SATURDAY THE RABBI WENT HUNGRY by Harry Kemelman
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SATURDAY THE RABBI WENT HUNGRY

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KIRKUS REVIEW

Zeya git! Or (if your Yiddish isn't kosher pure) ""Very good!"" with the extra warmth that the English doesn't supply. Last year, Friday the Rabbi Slept Late was a real sleeper, selling largely by word of mouth as one reader urged it on another in a chain reaction of approval seldom accorded detective fiction. The young Rabbi David Small, a superbly revealed character, proceeds in his detection by Talmudic logic, a form of hairsplitting argument/deduction called pilpul. Kemelman's achievement in this and the previous book transcends the ordinary shameless deceptions that go into the formation of a suspenseful mystery. The extras are in his Massachusetts town, his Jewish community growing within a Yankee stronghold, and his attention to the differences in religious ritual as well as the similarities among the people who make up any denomination's congregation. The widely shared intense curiosity about what goes on in a temple, how its affairs are run, the exact position of a Rabbi, are all an essential part of the holding mystery with as much suspense provided by the way the Rabbi proceeds with his volatile temple committees as by the question of ""who done it."" Buy it. Read it. Mazel tov.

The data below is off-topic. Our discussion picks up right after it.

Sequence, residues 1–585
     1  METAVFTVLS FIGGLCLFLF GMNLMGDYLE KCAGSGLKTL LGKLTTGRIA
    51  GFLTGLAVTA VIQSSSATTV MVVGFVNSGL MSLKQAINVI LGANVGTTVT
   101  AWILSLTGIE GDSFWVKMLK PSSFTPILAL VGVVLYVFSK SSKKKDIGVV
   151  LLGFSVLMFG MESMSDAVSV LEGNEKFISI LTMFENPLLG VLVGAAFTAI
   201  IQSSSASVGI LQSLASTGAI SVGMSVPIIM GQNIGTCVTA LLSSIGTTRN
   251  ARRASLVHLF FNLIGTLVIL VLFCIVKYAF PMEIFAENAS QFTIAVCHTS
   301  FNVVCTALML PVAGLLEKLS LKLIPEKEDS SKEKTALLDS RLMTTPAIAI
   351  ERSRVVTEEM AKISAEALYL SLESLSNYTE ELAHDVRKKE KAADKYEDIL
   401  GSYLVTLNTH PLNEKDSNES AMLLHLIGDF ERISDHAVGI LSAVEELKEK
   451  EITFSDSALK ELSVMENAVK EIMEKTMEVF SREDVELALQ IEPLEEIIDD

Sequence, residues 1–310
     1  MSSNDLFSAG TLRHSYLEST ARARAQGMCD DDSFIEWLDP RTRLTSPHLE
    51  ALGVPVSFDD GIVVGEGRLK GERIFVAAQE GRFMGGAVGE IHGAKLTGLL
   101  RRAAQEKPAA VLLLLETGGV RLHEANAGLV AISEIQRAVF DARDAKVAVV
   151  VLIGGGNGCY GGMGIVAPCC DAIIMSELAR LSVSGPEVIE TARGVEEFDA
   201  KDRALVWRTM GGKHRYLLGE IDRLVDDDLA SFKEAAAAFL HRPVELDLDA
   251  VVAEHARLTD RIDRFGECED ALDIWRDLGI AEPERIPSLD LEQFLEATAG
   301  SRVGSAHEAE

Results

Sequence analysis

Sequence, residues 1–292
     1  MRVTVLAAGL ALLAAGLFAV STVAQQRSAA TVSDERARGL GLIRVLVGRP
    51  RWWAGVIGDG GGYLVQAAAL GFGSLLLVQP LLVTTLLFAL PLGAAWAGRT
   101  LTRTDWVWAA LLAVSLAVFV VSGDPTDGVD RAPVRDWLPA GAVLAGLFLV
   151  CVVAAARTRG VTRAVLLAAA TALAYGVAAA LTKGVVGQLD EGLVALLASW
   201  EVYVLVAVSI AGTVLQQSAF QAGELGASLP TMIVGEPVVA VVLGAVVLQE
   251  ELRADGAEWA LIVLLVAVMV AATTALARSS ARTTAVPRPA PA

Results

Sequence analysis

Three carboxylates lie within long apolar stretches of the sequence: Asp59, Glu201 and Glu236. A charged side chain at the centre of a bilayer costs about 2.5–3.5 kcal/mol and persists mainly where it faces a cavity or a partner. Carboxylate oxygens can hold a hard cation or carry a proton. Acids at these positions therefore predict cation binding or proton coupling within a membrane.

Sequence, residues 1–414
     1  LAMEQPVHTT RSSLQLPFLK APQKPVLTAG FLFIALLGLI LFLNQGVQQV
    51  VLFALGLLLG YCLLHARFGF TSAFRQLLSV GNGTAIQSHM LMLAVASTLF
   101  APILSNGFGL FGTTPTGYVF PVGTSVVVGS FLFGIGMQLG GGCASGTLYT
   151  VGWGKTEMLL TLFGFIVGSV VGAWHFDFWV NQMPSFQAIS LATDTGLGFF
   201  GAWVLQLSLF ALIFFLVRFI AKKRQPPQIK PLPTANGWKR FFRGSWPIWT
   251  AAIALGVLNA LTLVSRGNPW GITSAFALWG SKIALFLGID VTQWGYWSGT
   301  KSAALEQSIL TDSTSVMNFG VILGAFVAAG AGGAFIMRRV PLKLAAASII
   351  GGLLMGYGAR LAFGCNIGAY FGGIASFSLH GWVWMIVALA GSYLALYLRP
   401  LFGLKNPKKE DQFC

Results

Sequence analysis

Pub Date: July 14th, 1966
Publisher: Crown